Why The Dike Leaks

Why The Dike Leaks: Problem solving and executive compensation, by Mark Chussil
When a dike leaks, the problem is not that someone has to stick a finger in it. The problem isn’t that the obvious response — stick a finger in the leaking dike — is only effective for a little while. The problem is that the dike is leaking.

Executive compensation is top-headline news these days. It commands the attention of the President and Congress. It’s an attractive problem, full of righteous indignation, handy villains (“them”), and clear action plans. And although I’m not against “solving” it, I suggest that it’s not the important problem.

Let’s imagine that the executive-compensation problem has been solved to your satisfaction. Legislation has been enacted, paychecks have shriveled, remorseful CEOs have issued their mea culpas, defiant CEOs have left the building, resilient CEOs have gotten back to work. Or CEOs remain free to negotiate whatever deals they want with their boards of directors. Or something else. Whatever you believe is the perfect solution, so it shall be done.

Now that we’ve handled executive compensation, is the economy back in order? Are we all back to work? Are our retirement funds healthy again? I don’t think so.

Whatever we do with executive compensation, it is the equivalent of sticking a finger into a leaking dike. Giving executive compensation the finger may stop a disturbing (cash) flow, but the dike is still structurally unsound.

(We may want to cut compensation and super-sized bonuses on other grounds, such as the impropriety of using taxpayer money to make bailout beneficiaries rich. That’s a different issue. Let’s not think, though, that cutting compensation makes executives more competent, or less.)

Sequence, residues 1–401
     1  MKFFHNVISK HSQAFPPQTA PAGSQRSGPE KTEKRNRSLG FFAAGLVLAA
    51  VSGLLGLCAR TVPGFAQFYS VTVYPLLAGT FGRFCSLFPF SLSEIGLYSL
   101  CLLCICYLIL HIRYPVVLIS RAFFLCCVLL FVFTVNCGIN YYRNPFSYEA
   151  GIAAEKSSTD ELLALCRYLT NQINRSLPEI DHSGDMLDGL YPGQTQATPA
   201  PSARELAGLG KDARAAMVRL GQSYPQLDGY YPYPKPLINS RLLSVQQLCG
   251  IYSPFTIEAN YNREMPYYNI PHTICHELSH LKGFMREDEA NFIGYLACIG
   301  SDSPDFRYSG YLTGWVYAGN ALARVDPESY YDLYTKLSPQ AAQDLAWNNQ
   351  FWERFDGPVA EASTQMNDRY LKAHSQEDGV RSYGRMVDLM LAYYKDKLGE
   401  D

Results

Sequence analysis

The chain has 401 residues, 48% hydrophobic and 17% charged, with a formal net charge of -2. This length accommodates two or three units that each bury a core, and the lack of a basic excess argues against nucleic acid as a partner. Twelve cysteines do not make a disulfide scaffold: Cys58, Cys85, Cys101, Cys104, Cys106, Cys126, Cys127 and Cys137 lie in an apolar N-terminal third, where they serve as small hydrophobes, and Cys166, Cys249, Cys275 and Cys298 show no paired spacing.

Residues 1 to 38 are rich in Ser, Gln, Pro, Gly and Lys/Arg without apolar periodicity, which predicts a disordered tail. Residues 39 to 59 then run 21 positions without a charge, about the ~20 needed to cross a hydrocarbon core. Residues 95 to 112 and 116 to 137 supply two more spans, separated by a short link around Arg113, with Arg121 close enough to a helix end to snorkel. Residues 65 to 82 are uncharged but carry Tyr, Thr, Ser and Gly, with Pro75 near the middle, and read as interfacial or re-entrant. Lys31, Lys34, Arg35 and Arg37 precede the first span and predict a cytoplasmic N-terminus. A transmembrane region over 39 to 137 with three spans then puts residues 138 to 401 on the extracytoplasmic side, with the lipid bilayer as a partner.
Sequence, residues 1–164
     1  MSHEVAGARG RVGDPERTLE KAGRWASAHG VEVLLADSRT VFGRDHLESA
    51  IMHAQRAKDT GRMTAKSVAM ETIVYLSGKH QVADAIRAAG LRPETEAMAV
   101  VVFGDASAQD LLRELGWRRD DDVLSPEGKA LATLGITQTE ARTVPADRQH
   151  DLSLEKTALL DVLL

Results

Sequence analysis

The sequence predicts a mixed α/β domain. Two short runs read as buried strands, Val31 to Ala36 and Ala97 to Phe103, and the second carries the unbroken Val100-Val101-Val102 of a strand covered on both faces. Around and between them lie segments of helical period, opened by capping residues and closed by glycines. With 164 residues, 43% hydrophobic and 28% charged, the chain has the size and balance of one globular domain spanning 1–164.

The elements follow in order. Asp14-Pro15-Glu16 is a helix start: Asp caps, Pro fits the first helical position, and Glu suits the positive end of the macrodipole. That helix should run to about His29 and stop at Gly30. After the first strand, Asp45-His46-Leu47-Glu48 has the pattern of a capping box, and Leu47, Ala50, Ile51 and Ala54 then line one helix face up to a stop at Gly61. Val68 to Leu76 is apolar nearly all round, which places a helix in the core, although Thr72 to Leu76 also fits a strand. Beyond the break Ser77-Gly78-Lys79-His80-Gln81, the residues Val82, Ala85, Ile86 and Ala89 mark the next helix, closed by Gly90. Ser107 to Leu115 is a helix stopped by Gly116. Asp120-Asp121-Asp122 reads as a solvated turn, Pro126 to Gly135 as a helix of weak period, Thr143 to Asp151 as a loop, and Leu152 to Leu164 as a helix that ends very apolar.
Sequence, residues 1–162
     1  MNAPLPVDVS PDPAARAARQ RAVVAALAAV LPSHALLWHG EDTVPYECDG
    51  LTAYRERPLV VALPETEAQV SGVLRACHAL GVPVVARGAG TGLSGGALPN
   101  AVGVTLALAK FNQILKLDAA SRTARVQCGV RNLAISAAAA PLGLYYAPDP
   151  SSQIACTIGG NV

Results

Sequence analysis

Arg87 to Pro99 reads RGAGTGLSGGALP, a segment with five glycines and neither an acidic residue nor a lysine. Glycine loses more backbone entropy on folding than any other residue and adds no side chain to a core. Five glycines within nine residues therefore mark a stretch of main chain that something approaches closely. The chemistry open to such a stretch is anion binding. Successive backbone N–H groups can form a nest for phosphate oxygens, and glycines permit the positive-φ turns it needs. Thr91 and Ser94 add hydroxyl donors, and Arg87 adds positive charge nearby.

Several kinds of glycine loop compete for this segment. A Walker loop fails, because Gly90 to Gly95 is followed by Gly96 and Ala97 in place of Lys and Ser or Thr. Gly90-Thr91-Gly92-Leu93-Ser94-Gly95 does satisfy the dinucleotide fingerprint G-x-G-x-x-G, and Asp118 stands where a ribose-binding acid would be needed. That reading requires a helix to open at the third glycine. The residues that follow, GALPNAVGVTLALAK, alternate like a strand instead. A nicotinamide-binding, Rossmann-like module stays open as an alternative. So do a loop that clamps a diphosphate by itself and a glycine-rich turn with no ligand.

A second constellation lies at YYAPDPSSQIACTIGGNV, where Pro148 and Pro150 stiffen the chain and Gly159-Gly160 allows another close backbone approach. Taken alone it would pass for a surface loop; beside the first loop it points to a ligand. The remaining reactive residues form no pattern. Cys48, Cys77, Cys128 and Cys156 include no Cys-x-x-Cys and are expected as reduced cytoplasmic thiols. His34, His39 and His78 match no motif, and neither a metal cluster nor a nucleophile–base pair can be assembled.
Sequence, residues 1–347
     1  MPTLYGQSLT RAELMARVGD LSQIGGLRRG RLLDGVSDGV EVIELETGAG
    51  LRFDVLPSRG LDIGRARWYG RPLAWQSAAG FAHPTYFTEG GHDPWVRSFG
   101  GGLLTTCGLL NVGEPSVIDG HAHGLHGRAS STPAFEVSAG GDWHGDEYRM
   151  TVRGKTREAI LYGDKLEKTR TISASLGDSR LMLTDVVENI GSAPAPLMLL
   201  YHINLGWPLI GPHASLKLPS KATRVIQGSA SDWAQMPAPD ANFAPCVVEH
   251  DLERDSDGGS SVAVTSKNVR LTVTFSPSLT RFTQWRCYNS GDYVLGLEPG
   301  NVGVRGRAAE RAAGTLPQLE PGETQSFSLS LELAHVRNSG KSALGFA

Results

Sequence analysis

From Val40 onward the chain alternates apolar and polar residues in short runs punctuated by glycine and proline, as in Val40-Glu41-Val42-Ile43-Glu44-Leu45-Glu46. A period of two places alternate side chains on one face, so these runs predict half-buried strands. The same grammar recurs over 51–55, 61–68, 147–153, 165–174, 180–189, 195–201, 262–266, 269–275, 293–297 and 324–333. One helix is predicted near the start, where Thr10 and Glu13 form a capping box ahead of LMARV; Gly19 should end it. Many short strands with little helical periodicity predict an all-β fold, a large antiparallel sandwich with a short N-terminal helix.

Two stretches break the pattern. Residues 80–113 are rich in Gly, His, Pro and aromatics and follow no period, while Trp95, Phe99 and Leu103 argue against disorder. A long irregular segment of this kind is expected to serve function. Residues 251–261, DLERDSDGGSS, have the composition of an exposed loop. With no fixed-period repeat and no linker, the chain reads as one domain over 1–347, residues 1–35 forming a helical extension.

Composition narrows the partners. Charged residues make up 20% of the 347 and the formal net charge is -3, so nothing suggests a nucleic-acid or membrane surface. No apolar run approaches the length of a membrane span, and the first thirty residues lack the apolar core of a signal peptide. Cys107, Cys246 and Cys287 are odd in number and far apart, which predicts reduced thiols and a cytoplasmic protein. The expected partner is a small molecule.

The economy is not in trouble because executives got paid too much. The economy is in trouble because executives (and others in their companies, and people in government, and even we the consumers) made bad decisions. Not just a few executives and not just a few times.

Why did so many people make so many mistakes?

I have written eloquently about problems in corporate decision-making. (See, for example, “With All This Intelligence, Why Don’t We Have Better Strategies?,” “What You Pay For,” “It’s Working!,” and “Suffering was Optional.”) What those essays have in common is that they describe ways in which sober, dedicated business professionals are systematically misled by the tools of the trade. Spreadsheets, for instance, say nothing about competition. Trend lines extrapolated from the past are irrelevant if the future is unlike the past. Doing whatever it takes to make the numbers makes us look good and the performance targets look reasonable even if we hit them by eviscerating the company. (Update to this post: see “When Goal Setting Goes Bad,” an interview with Professor Max Bazerman of the Harvard Business School.)

As I suggested in “To Bail or to Bail Out,” it would be useful — more useful than capping executive compensation, though they are not mutually exclusive — to require the auto industry to use techniques such as business war-gaming as a condition of receiving public funds. War-gaming and other strategy simulations help companies create better strategies, and they would raise the odds that taxpayers will be repaid. I would advocate the same for other industries wanting public assistance. I believe in business war-gaming because I’ve seen it work in the 100 or so that I’ve conducted for Fortune 500 companies.